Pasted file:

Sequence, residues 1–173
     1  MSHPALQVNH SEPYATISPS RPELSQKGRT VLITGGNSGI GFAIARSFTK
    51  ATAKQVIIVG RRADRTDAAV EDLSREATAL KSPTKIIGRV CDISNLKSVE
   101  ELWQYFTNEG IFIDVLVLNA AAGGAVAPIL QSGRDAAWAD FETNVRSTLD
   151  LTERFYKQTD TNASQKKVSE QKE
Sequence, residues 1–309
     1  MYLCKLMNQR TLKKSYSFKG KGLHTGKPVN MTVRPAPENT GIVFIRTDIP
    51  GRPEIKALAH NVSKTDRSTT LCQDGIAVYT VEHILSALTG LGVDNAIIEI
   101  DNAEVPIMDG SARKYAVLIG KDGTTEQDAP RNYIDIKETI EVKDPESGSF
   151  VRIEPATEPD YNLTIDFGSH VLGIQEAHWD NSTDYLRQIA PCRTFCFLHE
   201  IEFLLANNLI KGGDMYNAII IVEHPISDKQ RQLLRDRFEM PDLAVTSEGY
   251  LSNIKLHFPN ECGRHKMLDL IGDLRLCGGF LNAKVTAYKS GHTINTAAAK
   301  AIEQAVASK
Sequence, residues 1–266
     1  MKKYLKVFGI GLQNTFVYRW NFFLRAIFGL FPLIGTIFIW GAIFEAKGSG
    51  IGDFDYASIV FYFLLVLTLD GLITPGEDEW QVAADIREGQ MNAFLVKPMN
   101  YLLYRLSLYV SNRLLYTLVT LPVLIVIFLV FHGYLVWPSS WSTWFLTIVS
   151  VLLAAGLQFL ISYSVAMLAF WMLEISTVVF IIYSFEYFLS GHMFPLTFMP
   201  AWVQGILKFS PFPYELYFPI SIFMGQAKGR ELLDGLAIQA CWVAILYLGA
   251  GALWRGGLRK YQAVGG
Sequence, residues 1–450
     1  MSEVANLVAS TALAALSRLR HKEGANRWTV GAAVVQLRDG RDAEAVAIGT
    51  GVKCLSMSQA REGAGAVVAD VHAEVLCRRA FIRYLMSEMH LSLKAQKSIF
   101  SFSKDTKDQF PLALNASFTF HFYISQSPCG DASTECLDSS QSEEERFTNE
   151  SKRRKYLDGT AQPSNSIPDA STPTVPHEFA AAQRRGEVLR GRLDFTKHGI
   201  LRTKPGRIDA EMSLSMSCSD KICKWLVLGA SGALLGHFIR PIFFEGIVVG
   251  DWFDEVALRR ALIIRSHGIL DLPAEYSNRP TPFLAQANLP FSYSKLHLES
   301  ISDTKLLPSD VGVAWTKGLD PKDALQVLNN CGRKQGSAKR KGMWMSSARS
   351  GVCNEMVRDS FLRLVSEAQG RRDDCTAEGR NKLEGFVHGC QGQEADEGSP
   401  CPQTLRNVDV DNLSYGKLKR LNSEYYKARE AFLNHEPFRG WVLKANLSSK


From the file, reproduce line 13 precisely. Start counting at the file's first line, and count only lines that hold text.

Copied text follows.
   301  AIEQAVASK